Read time: 3 minutes

Truecaller denies Nigerian govt's privacy breach claims

Nigeria , 27 Sep 2019

Truecaller denies Nigerian govt's privacy breach claims

Mobile app service Truecaller has denied allegations by the Nigerian government that its service breaches the privacy rights of telecoms subscribers in the country.

The company told ITWeb Africa that the users are in control of the permission they give the Truecaller app.

It stated: "We make sure users understand what permissions are needed to make Truecaller work how they want."

On 23 September 2019 Nigeria's National Information Technology Development Agency (NITDA) posted a statement via Twitter in which it outlined its intention to investigate the Truecaller service for potential breach of privacy rights of Nigerians.

The NITDA believes Truecaller's privacy policy does not comply with global laws on data protection and the Nigeria Data Protection Regulation (NDPR).

The Agency has focused on sections of Truecaller privacy policy which allows it t to supplement the information provided by users with information from third parties and add it to the information provided by the user.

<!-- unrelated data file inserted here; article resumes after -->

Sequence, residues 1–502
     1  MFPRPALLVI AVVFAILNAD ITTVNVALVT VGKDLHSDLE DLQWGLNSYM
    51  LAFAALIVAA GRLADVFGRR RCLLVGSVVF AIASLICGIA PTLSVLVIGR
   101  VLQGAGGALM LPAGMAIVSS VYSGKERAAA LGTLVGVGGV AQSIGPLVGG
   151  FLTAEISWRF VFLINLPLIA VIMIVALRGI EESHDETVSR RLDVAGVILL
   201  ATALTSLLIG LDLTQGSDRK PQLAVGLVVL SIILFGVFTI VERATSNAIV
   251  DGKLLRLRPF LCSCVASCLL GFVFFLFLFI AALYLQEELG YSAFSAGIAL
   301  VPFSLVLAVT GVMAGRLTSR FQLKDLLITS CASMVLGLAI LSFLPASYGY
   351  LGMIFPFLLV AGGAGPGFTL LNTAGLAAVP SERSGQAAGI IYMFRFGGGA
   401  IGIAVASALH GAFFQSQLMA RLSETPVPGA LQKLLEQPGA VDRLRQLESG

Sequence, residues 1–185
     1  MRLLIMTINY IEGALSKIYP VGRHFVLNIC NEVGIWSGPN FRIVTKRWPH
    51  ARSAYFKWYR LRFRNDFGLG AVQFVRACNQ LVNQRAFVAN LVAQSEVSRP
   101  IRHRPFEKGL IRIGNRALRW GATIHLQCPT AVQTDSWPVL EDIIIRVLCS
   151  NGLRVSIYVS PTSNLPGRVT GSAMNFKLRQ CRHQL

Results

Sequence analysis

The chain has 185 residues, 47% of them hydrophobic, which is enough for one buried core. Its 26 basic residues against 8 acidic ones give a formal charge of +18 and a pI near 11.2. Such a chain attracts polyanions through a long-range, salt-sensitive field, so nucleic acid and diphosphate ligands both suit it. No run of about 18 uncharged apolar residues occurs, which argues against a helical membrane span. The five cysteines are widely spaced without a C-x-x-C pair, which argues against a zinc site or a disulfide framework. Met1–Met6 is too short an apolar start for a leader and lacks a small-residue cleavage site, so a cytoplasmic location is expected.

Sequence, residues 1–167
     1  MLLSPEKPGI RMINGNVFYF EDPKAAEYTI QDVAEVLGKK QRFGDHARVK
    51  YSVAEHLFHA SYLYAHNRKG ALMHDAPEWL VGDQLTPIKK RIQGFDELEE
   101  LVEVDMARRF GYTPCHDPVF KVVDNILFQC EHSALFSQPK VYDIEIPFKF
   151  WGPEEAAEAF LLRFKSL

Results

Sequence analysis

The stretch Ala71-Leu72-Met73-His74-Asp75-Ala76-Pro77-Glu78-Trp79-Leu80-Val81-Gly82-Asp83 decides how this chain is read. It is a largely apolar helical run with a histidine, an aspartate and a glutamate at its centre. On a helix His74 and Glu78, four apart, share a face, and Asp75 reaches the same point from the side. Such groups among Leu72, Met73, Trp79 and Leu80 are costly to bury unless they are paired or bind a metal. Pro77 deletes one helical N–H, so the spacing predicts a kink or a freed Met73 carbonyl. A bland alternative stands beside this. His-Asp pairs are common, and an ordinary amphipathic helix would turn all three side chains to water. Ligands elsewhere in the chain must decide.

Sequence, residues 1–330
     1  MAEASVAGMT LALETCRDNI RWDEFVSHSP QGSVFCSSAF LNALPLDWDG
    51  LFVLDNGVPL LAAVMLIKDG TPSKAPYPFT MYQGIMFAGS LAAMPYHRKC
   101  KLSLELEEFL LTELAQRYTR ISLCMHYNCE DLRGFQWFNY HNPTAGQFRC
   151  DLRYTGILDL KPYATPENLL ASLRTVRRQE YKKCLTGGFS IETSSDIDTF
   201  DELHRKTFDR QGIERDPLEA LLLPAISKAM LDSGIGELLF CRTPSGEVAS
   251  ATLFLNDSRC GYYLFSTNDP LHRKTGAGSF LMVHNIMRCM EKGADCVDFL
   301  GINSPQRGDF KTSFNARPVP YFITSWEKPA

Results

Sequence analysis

According to the NITDA this contravenes the NDPR which requires that all data collection and processing be accurate with specific valid consent.

"By supplementing the personal information of Nigerians without specific consent and accuracy, they are susceptible to serious invasion of their privacy. This has encouraged unscrupulous persons to continue using Nigerian identities to perpetrate fraud," the NITDA stated.

In its response, Truecaller said it works with advertising partners such as Google in order for users to continue using its app for free. It also revealed it provide trusted partners with caller ID services.

It added that users have the power to control and protect how their personal information is displayed for others in the community.

"They can always deactivate these permissions at any time...If there is any reason they do not want their profile to be on Truecaller, it's easy from Truecaller's website," the service maintains.

Nigerian tech experts have been divided in their opinions regarding the move by NITDA. While some argued it would be unrealistic for the Agency to review the privacy policy of every app, others believe it is a development that would compel foreign tech companies to take the protection of Nigerian users' data more seriously.

Local expert Wale Adedipupo said: "This should not stop with Truecaller, tech giants such as Google, Facebook, Twitter and the rest of them should also be investigated. Nigeria should start compelling the tech companies to abide by its privacy regulations and any company that flaunts the regulations should be fined and sanctioned as it is being done in Europe."

Read more
Daily newsletter